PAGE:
This was my first SIM card, Data and talk.
b-mobile uses Docomo services the largest provider in the country.
Updated screen shot that shows that shows 4G signaland the carrier. b-mobiles uses Docomo SIMs
In this age of modern traveling being connected is as important as bringing your passport when traveling. Your device may even be a passport some day. Japan has long been a difficult country for travelers to stay connected due to their “Galapagos syndrome” thanks to the popularity of smartphones, Japan is now more in line with other countries when it comes to connectivity. There are still some challenges though.
In this article, I hope to make life a little easier for visitors to stay connected while visiting this great country. A little background on myself, I have been using unlocked cell phones here for about 6 years now and therefore are not tied to a contract anymore. Why more people don't do it, is puzzling to me since being contract free is so much better and cheaper. Of course the marketing of the big 3 helps convince people that they are getting a deal. Enough of that.
After going contract-free I found out about b-mobile – the first company in Japan to provide SIM only service. That means you buy the device of your choice, unlocked (often referred to as SIM-free). B-mobile is the first and also biggest company offering this service, and thanks to them a few other companies are catching on now especially since, as of April 2015, all mobile operators will have to provide customers with unlocked phones. I think it is the way of the future. At b-mobile they offer a range of SIM cards for visitors and residents like myself at often half the price of the big 3 (Docomo, AU and Softbank). They have Data only cards and Data and talk time cards for 3G and 4G phones.
For visitors they are sold as prepaid cards, you use the Data and talk time and in some cases you can buy more time and Data if you run out before the end of your stay. The prepaid cards aren't available to residents since it is illegal for mobile providers to offer such service. Wi-Fi is still limited in Japan and as a rule to use Wi-Fi here, you need to register online first with the provider it can be difficult if you can't read Japanese, so you may have a need for a higher Data limit while here, and don't forget that with data only you can still make calls via Skype, Line and other such applications. The talk option is useful if you expect to receive calls. By the way it is free to receive calls here.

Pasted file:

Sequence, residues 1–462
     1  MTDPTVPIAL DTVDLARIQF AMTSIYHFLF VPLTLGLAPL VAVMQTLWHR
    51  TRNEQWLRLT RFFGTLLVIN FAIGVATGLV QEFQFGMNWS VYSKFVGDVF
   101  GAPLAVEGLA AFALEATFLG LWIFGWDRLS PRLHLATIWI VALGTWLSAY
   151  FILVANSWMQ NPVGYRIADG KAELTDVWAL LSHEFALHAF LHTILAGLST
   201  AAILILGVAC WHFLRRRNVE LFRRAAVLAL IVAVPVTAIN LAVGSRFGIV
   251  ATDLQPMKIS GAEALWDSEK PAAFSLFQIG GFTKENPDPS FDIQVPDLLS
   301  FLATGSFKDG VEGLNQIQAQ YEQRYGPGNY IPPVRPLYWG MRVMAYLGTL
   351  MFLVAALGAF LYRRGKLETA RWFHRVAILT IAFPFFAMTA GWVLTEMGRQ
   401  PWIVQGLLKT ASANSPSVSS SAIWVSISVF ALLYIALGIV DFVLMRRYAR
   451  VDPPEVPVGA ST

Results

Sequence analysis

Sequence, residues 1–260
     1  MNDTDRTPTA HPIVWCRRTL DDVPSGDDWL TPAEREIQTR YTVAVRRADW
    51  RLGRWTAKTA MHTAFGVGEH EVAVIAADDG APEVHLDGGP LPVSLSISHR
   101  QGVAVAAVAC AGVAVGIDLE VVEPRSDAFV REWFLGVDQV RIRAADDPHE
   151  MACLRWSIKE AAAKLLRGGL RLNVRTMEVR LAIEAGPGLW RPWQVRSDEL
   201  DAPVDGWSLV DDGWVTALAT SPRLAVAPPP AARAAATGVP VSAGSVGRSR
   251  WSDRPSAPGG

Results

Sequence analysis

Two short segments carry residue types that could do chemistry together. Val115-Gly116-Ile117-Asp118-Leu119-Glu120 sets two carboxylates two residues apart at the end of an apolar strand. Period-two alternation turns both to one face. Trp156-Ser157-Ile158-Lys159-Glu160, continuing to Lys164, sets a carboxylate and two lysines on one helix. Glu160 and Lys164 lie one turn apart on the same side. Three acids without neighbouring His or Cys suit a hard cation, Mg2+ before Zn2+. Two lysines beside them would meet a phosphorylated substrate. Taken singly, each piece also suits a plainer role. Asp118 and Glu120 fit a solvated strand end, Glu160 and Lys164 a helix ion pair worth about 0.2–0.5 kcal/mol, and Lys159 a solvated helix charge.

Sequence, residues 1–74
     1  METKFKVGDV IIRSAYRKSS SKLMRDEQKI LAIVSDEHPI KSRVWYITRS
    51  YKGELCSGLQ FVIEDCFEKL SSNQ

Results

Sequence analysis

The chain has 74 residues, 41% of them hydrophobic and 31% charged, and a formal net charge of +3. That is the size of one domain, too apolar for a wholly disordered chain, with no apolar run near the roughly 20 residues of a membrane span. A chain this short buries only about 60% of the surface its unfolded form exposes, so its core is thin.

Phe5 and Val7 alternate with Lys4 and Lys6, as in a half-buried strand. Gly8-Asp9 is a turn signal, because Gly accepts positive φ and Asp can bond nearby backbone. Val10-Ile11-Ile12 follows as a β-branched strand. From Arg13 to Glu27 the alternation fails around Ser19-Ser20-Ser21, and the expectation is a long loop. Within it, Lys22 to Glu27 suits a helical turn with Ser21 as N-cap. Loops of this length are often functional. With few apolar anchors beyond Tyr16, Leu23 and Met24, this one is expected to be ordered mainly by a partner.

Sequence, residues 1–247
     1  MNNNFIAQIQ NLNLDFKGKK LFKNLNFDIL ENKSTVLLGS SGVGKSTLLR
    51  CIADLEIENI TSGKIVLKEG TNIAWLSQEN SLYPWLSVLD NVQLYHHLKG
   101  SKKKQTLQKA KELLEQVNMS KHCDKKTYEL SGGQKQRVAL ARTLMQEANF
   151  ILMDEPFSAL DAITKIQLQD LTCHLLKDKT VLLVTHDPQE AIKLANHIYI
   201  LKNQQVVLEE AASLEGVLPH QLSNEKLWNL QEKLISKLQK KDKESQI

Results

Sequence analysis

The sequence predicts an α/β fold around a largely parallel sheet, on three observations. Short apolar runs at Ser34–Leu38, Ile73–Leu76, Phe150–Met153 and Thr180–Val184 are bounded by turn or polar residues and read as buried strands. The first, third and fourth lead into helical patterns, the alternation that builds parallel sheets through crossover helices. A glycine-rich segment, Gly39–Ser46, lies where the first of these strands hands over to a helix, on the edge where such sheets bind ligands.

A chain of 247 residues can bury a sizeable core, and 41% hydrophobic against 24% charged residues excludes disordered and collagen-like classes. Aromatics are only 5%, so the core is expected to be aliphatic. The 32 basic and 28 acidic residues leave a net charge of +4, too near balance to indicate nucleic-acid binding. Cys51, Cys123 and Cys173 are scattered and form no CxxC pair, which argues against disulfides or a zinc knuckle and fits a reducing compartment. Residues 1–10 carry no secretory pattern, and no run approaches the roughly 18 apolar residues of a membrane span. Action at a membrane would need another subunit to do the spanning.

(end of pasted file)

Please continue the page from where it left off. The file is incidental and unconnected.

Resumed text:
The website of b-mobile for visitors is available in English but you can also contact the helpline at 03-5776-1700 ext:7.
Once you decide to go with b-mobile you have several options, you can buy online and have it delivered to your hotel or pick it at the airport or you can choose from about 20 locations in retail stores in most major cities. You can also purchase from Amazon, which might be easier if you already have an account with them.
Once you get your SIM card you will have instructions on how to set up your phones depending on which card you choose. If you choose a talking SIM you'll have to set up the APN and password in the settings section of your phone, those too are on their web site. If you forget you can also go to their web site to find out how to set it up. It might also be a good idea to monitor your Data usage for a few months before coming here to give you an idea of what option to choose. Make sure you check what kind of SIM card your phone uses, regular, micro or nano.
Don't forget this will work only on unlocked (SIM-free) phones, if you phone is locked in your home country it will probably not work, you can also find a list of approved devices on their website. I use a Windows phone and it works fine. It also says that your device should have an approved sticker from the ministry of communication but since you're a visitor you won't have it.
For more technically oriented people, Japan Mobile Tech can explain more about how the phone system works here, including dedicated info on b-mobile services.